For the first time, Belgian brewery group AB InBev is marketing beer in unlabelled bottles. Using a new technique, the logo and information such as ingredients are printed directly on the bottle. In this way, the brewer intends to easily personalise packaging.
Five years of research
At the moment, these bottles without a label can only be found in British department stores: the first batch consists of around 200,000 bottles of Beck’s. As of next year, other AB InBev brands will follow suit, including those in Belgian stores.
The new technique of printing directly onto the glass is the result of five years of research at Gitec, the brewery group's worldwide research centre, based in Leuven. Although printing on glass already exists, AB InBev developed its own process, involving around thirty people in the research process.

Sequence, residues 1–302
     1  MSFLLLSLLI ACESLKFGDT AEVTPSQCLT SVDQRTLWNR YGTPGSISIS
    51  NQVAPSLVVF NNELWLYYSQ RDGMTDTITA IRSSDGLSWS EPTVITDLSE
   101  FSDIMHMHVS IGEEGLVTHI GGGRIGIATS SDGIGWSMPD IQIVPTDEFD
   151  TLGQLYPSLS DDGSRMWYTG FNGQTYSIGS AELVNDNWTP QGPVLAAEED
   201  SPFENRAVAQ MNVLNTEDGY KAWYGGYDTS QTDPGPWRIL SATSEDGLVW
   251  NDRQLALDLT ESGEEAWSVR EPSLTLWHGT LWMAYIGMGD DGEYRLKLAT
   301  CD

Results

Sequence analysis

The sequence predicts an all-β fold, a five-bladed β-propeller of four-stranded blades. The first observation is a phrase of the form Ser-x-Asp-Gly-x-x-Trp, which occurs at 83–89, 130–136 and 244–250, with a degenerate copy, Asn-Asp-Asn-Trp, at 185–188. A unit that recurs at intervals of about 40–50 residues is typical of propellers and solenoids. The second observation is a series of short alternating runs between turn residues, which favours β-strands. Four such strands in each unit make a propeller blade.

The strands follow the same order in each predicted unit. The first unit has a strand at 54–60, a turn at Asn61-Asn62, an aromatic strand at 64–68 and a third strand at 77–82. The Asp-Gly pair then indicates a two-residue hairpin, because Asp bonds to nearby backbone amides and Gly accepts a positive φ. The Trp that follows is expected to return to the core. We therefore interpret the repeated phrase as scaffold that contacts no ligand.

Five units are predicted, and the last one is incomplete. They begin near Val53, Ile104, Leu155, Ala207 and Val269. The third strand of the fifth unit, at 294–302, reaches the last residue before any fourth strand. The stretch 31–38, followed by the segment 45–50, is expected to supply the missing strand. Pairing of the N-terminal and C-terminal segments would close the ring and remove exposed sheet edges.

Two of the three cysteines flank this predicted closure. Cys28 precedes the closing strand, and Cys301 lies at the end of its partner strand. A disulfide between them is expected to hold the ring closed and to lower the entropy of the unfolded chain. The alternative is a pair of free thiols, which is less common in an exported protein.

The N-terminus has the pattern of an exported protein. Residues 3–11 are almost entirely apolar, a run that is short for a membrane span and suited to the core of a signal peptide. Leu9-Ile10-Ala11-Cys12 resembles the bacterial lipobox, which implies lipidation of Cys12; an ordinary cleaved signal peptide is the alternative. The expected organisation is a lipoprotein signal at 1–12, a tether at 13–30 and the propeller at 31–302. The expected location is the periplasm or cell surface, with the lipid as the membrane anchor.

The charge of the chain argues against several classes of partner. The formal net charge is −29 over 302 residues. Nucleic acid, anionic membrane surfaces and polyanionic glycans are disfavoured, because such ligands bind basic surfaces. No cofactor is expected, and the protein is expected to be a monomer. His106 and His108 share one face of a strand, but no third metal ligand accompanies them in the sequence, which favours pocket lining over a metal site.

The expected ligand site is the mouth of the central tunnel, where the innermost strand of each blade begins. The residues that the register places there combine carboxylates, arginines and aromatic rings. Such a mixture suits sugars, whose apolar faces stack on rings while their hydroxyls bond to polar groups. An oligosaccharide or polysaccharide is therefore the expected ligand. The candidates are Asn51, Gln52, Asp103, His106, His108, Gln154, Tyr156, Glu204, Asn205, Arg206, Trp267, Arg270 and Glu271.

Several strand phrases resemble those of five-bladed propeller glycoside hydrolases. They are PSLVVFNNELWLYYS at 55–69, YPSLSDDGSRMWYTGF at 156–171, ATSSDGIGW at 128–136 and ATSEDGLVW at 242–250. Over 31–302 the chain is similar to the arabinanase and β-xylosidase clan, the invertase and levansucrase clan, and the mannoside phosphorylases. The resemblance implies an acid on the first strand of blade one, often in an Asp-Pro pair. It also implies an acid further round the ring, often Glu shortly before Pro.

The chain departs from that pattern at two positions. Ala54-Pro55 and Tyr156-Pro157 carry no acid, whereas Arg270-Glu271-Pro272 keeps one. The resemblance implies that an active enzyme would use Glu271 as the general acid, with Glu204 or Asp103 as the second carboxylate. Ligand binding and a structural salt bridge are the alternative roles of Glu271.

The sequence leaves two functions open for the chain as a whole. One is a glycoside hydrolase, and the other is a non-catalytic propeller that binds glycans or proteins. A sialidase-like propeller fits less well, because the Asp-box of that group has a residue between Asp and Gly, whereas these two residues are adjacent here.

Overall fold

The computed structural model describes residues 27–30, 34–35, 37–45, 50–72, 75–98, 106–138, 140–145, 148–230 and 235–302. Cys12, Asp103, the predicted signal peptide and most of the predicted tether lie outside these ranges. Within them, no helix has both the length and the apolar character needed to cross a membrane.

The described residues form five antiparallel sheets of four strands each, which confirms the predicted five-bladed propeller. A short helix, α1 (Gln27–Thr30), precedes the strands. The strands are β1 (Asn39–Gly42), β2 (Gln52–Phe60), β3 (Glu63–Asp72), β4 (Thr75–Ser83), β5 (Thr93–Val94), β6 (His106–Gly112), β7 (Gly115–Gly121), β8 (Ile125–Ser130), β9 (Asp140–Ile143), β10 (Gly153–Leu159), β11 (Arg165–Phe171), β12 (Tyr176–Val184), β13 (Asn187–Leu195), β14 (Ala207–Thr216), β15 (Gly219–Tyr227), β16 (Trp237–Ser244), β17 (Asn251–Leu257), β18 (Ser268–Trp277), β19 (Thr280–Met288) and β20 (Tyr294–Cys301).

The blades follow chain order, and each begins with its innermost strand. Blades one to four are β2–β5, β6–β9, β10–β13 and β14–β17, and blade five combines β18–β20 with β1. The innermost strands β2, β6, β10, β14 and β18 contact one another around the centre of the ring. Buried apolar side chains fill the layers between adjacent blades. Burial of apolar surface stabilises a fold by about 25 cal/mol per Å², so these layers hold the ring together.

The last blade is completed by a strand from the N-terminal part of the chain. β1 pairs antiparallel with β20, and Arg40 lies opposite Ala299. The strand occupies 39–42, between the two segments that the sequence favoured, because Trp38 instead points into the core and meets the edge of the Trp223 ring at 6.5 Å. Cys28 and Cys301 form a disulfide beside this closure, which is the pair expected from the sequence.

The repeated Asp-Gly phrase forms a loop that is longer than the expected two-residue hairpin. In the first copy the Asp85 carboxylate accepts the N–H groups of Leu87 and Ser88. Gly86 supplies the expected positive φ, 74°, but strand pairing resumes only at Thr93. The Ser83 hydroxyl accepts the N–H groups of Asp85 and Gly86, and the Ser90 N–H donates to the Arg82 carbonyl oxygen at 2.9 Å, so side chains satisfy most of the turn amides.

Co-coordinator of the project, Jonas Vandecruys, explains the great advantage of the printing technology: "Major brands are looking for opportunities to create more personalised products", Belgian newspaper De Tijd records. "That is why we started this project. In the first place, we will use the technique for smaller, special editions. Think of how Jupiler became 'Belgium' for the World Cup football. Using this new technique, we can very quickly put bottles in the shops showing, for example, the result of a certain match."
One important disadvantage, however, is that the technique can only be used on disposable bottles for the time being. Because the ink is difficult to remove, the process is not currently suitable for those bottles that are subject to a deposit. According to Vandecruys, a solution to that problem is being widely sought.